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- James Comey posts from a forest in wake of Mueller report Monday 10:35 AM
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- Jameela Jamil sparks conversation about women having to make the ‘boyfriend excuse’ Monday 10:23 AM
Italian Olympic swimmer casually comes out by dedicating medal to her girlfriend
We just keep adding more LGBT Olympians to the list.
Monday was another great day in the gayest Olympics in history.
Bruni won silver in Monday’s waterlogged 10k race, thanking her “beloved” for the support. Later, when Italian reporters asked to her clarify whether she meant girlfriend Diletta Faina, she assured them that she did.
“I’ve always lived naturally, without problems. I’ve never done a big coming out,” Bruni told Italy’s La Stampa in Italian that has been roughly translated. “Undoubtedly there are people who have too many prejudices, but I live peacefully. I do not think about the prejudices, I live for myself, for my passion for swimming and for the people who love me.”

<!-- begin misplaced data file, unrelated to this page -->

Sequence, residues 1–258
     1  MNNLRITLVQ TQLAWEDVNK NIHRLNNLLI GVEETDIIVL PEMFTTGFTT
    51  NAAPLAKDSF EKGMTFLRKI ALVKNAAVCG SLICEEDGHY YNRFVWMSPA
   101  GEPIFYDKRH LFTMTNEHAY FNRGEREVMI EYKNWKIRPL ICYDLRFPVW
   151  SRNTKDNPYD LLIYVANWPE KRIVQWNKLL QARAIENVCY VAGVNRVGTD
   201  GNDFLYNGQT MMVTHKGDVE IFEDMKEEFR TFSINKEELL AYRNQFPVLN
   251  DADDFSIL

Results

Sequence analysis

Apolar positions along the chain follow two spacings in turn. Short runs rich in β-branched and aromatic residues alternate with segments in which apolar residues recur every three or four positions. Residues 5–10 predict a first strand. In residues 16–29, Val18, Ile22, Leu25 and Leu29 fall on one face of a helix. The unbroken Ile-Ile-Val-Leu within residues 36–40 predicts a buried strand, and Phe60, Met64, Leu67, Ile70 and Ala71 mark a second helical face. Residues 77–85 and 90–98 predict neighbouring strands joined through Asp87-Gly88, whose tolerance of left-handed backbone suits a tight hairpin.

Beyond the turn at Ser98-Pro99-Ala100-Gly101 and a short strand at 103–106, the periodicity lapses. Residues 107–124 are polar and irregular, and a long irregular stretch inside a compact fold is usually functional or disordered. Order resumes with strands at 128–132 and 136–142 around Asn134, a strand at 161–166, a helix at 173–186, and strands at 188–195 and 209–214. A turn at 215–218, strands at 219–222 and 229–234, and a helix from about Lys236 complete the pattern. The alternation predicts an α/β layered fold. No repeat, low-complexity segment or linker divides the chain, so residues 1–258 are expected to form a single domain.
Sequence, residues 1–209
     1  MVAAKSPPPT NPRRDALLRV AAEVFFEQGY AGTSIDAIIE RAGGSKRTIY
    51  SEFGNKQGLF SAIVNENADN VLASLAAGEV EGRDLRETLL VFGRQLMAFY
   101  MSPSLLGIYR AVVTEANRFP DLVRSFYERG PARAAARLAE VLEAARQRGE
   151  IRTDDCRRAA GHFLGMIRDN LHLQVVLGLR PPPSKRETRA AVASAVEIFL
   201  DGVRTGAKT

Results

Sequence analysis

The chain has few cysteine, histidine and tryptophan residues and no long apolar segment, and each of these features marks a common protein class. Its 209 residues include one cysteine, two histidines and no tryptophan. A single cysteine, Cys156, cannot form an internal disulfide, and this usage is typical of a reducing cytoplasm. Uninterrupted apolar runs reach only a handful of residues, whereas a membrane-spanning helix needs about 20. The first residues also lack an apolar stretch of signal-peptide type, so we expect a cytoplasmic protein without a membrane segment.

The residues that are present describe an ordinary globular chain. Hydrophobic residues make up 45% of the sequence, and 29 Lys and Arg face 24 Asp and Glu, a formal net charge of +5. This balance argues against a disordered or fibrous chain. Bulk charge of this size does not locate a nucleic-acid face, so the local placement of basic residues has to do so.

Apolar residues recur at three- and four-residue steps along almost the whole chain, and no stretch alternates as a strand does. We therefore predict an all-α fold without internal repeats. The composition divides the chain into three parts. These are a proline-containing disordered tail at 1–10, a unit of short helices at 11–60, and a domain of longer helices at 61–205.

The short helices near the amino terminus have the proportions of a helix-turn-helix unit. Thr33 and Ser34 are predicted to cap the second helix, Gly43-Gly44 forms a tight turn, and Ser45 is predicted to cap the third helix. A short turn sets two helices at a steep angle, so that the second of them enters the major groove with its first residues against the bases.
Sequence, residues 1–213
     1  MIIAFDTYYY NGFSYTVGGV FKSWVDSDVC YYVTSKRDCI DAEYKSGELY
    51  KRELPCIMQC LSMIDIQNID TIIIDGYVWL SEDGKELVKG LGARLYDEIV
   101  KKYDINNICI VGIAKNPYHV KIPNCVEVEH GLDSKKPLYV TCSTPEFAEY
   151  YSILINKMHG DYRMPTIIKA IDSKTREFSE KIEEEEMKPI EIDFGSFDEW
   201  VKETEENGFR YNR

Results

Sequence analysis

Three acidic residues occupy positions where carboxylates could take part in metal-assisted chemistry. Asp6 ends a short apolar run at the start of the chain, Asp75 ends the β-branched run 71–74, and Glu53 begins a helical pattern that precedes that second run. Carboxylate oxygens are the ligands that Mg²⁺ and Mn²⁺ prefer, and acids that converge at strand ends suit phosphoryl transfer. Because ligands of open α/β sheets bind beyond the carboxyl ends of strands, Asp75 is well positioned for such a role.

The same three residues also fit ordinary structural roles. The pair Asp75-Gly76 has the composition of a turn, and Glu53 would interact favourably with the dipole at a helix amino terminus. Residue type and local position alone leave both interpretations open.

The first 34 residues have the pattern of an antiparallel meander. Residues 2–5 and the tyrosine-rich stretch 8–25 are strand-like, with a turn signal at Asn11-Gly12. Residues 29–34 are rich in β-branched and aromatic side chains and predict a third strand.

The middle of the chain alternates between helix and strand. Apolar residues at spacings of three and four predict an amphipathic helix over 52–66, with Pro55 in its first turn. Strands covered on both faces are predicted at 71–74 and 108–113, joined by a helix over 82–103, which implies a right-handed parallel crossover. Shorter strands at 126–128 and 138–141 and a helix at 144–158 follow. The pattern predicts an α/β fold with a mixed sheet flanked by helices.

Addressing what it means to come out as LGBT in sports, Bruni added that she didn’t necessarily think of herself as “brave.”
“For us, it is normal,” Bruni said. “The blame, if anything, is the hypocrisy of the people.”
The couple were in Rio together; La Stampa showed screengrabs from Faina’s private Instagram account of selfies wearing her girlfriend’s new silver medal. The couple also frequently posts selfies together on Twitter, where Faina can be found fan-girling over Orange Is the New Black and pretty much anything Jennifer Lawrence-related.
Bruni’s chill coming-out moment wasn’t the only notable part of her race Monday. Her French competitor, Aurelie Muller, was disqualified from the contest after a neck-and-neck swim in which Muller reached out and aggressively dunked Bruni’s head underwater.
Muller would have won silver, with Bruni in third place—but after judges chastised and then disqualified her for the shove, Bruni stepped into second.
Mary Emily O'Hara is an LGBTQ reporter. Her work has appeared in Rolling Stone, NBC Out, Daily Dot, Broadly, Vice, the Daily Beast, the Advocate, Huffington Post, DNAinfo, Al Jazeera, and Portland's Pulitzer Prize-winning newsweekly Willamette Week, among other outlets.